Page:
On behalf of Jaime SipilaFallacy 2 – email is great for storing documents because I can easily search for them
How many times have you sought out an important document only to find out that you weren’t cc’d in the email message that it was contained in? Sure, the people that actually received the email can find it, if they know the right key words to search for. But if you’re out of the loop, you’re out. You have to find someone that either sent the email or received it – thus creating a whole new chain of email communications.
But maybe you were cc’d on the email. Ok, great. Now how do you find it? In many cases, the email Subject line is irrelevant to the content, thus preventing a successful search. Even the content of the email can be completely irrelevant. How many times have you sent or received an email talking about some innocuous subject, only at the end to write something like, “Oh, by the way, I attached that document we were talking about earlier today”? Try to find that one…
Microsoft Outlook, for instance, has a decent keyword search engine. But unless you’ve done a great job with the Organize feature and used the folder hierarchy system to its fullest, the emails are basically in a jumbled mess with little or no context. You typically end up scanning through many tens or hundreds of emails around a date you ‘think’ you might have received the email, or you try keyword after keyword looking for what you need. It makes you wonder why there aren’t better technologies for searching. Google Desktop Search has certainly helped in that regard recently, but then you have yet another application to work with.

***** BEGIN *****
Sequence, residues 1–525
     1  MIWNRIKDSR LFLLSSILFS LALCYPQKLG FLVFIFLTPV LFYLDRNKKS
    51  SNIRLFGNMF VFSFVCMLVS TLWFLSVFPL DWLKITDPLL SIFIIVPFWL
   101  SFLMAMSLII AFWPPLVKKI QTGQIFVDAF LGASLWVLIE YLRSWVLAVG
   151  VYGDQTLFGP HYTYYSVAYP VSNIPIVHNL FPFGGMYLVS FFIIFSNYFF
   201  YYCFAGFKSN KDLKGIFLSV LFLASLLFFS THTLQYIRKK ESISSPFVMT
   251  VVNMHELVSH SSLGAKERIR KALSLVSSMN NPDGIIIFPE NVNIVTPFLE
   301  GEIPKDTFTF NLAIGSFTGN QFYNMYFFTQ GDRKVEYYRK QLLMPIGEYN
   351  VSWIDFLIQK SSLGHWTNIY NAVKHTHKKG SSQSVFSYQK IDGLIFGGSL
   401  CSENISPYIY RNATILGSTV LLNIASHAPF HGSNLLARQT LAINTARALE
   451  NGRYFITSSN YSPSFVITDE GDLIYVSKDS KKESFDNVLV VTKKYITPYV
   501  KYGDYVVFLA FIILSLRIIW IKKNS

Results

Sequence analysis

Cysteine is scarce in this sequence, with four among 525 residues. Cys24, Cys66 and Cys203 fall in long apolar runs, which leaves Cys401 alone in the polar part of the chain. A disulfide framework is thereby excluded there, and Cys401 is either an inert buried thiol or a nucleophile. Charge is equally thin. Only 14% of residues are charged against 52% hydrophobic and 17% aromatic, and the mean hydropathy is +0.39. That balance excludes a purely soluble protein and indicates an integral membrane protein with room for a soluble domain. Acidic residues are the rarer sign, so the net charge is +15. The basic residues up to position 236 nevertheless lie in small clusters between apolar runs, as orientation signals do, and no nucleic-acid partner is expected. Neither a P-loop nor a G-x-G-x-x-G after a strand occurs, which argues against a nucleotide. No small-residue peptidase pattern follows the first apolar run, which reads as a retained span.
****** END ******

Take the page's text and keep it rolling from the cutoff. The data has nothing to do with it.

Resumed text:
Regarding context, not only does your document management system need to be centrally located and available to anyone at any time, but it also must store documents in some intelligent manner so that when you do need the information, it is easy to find. How many of us really take the time to organize our email folders properly? Even if you do have a folder for Project A, for example, there are so many different types of communications related to that project that to provide context, you would have to further create subfolders comprising documents, data, requests for change, etc. And that’s just the tip of the iceberg. There is simply no way to control the content or structure of what someone will send you in an email.
Lastly, by its very nature, email promotes stranded documents. You don’t have access to Jane’s email, and she doesn’t have access to yours. Any critical document in her email resides, stranded, on her hard drive. A true document management system requires that all documents reside in a centralized location for anyone, with proper access privileges, to access at any time.
Next Week (after the holiday break): Fallacy 3 – email promotes accountability